This afternoon I found myself still thinking about the call, I was intrigued to know how common this sort of thing is, so I did a quick Google search and I found there is plenty hits showing that this is a regular problem. Obviously, Microsoft would never make such a phone call, you have to phone them to get support not the other way around. Either way, their advice on dealing with scams is pretty thin. The best advice dealing with these scams comes from the Digital Toast blog, which also has an entertaining collection of videos of people winding up the scammers. Also, the Guardian technology editor, Charles Arthur, makes some interesting comments about who might be behind these scams. If you have received a call recently, maybe you would like to leave a comment.

Update
In the years since this post was originally written this scam has changed to include the “Technical Department of BT” and “Virgin Media Technical Department”. The simple fact is that no “Technical Department” cold calls customers to tell them that their computers are in some way infected with a virus. These calls are scams, please don’t fall for them.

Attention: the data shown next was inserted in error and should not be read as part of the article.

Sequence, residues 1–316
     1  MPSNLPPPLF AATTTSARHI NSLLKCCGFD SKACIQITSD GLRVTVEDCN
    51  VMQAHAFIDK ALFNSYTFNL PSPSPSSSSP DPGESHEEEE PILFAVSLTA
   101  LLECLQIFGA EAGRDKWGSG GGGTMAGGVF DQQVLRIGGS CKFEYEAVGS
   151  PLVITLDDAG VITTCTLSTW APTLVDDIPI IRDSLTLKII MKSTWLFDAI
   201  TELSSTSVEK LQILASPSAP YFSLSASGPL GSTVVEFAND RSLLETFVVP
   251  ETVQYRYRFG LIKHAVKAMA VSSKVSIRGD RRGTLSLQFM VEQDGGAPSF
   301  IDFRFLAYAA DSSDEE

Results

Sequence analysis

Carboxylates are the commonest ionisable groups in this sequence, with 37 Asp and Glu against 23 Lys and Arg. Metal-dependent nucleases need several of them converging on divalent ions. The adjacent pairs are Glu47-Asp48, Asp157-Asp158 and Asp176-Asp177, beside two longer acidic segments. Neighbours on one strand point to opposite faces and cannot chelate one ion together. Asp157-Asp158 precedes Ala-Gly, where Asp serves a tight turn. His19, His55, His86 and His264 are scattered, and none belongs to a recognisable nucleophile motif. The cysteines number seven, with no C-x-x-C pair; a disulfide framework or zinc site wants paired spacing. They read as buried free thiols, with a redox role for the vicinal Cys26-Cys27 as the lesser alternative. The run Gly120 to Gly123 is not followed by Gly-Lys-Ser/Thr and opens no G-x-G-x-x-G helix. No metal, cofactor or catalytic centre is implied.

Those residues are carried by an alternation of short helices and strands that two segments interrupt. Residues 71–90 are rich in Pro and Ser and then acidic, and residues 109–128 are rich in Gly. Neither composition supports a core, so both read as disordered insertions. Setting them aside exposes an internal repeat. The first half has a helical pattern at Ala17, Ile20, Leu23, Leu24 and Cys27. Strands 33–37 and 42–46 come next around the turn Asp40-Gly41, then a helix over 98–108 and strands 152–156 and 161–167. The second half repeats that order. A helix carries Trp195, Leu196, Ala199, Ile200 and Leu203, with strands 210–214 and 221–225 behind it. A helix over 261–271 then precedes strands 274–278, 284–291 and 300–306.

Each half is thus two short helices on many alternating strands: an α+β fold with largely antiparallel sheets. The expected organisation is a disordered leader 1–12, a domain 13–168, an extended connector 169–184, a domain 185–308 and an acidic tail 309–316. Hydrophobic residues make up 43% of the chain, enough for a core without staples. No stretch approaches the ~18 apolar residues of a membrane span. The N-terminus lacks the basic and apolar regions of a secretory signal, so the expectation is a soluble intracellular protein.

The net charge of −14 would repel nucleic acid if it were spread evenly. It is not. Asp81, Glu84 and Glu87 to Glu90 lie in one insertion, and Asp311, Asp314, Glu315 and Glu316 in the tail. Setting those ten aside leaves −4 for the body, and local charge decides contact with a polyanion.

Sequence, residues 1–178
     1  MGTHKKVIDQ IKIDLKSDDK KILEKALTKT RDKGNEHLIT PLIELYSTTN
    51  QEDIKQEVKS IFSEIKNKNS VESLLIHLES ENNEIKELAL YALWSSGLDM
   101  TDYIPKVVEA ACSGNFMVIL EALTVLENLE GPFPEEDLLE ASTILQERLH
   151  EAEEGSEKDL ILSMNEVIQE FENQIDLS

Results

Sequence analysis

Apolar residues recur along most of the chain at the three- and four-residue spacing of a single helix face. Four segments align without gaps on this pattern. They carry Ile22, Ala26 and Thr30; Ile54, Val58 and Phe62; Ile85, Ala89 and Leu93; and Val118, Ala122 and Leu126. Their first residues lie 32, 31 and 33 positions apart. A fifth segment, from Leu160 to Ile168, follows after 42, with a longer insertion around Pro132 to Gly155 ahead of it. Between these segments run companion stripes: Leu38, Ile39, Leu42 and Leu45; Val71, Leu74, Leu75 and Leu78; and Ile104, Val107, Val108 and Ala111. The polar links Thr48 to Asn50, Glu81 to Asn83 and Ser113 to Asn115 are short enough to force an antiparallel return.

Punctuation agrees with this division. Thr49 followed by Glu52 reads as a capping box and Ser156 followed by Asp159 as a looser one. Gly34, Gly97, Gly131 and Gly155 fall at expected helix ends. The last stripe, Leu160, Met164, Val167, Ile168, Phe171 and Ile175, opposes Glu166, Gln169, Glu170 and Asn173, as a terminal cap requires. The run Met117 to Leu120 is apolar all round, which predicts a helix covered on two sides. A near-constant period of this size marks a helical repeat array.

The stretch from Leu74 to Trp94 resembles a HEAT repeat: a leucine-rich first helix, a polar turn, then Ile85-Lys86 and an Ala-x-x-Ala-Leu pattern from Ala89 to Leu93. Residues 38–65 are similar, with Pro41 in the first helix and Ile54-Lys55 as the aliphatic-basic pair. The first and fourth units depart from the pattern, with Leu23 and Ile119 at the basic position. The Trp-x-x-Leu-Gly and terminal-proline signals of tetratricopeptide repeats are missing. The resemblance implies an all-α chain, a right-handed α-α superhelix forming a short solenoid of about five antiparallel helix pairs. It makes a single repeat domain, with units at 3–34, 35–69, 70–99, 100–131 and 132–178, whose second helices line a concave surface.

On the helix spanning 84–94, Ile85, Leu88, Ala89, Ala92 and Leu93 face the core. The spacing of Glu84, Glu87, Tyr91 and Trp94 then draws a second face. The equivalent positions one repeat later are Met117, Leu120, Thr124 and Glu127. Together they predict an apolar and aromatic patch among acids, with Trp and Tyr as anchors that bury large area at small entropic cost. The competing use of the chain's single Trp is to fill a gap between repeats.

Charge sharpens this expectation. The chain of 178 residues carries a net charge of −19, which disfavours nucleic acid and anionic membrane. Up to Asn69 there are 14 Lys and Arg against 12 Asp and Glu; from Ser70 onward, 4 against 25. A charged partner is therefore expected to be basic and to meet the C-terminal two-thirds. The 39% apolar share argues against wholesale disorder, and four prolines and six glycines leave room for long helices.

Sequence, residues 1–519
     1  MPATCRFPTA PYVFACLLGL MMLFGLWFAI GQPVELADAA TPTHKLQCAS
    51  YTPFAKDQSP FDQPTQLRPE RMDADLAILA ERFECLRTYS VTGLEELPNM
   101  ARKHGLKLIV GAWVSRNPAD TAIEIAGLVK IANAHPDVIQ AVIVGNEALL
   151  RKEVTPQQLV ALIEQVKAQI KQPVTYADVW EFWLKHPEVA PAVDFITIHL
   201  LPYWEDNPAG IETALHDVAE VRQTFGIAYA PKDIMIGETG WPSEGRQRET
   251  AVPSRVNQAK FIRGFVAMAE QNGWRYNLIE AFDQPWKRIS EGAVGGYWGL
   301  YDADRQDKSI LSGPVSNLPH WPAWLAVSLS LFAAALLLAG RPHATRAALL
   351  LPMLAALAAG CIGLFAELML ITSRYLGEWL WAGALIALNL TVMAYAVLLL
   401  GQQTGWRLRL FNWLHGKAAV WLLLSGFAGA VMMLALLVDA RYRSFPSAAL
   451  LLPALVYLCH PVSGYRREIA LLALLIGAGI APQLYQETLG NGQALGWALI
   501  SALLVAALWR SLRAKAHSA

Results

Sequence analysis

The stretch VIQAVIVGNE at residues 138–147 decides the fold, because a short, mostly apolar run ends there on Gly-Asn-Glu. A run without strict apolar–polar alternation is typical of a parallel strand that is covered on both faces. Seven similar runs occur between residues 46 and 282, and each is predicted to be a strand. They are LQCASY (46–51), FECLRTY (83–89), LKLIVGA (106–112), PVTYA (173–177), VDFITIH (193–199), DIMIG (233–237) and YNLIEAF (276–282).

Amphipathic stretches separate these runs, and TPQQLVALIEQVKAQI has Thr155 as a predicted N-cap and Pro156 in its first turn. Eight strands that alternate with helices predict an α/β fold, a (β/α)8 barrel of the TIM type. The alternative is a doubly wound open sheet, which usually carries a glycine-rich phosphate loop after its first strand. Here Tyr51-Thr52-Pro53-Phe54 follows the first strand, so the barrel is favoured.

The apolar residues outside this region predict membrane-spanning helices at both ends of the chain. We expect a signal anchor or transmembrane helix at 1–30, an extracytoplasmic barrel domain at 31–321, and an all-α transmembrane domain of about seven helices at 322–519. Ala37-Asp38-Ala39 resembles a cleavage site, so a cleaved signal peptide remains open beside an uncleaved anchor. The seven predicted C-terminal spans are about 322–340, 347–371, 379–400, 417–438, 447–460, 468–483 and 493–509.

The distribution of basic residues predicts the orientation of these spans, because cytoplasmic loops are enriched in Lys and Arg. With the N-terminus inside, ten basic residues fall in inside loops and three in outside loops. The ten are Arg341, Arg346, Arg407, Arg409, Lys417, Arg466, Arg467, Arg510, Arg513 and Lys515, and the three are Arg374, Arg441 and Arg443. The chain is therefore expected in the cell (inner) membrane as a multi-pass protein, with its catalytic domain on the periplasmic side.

Oh and just is case you were wondering if Microsoft knows about this scam, well yes they were told about it in March 2010, it is just that they can’t be bothered to do anything about it…

Addendum: It would appear that Microsoft have finally woken up and realised there is a problem and this is their official advice. Please note that the scammers are now also claiming to be from: Windows Service Centre, Windows Help Desk, Microsoft Tech Support, Microsoft Support, Windows Technical Care, Windows Technical Department Support Group or Microsoft Research and Development Team (Microsoft R & D Team). So please take care.

Addendum: There have been a number attempts to comment on this blog saying that the fraudster making this calls are legitimate, the latest came from:

 
Author: luckysharma (IP: 115.115.103.248 , 115.115.103.248.static-kolkata.tcl.net.in)
E-mail: luckysharma420@gmail.com
Comment: this is genuine company…ok

 

Please note these calls are entirely fraudulent, do not allow these people to access your computer.

Addendum: There has been one high profile arrest and conviction but, sadly, there are plenty more still active. Please take care.

 

Addendum: I have had a number of people asking if there is a way of stopping these calls (see comments below), well there are call blocking devices available on the market which can be effective. You also need Caller ID on your phone line, this may be an extra cost depending on your phone provider. Some phone providers may not supply Caller ID for international calls and so you need to think about just who you want to block, to avoid blocking legitimate calls i.e. family members and friends living abroad, or people calling from switchboards where the number is withheld (personally this last one is a risk I would take). If anyone has experience of using such call blocking devices they would like to share, please feel free to comment below.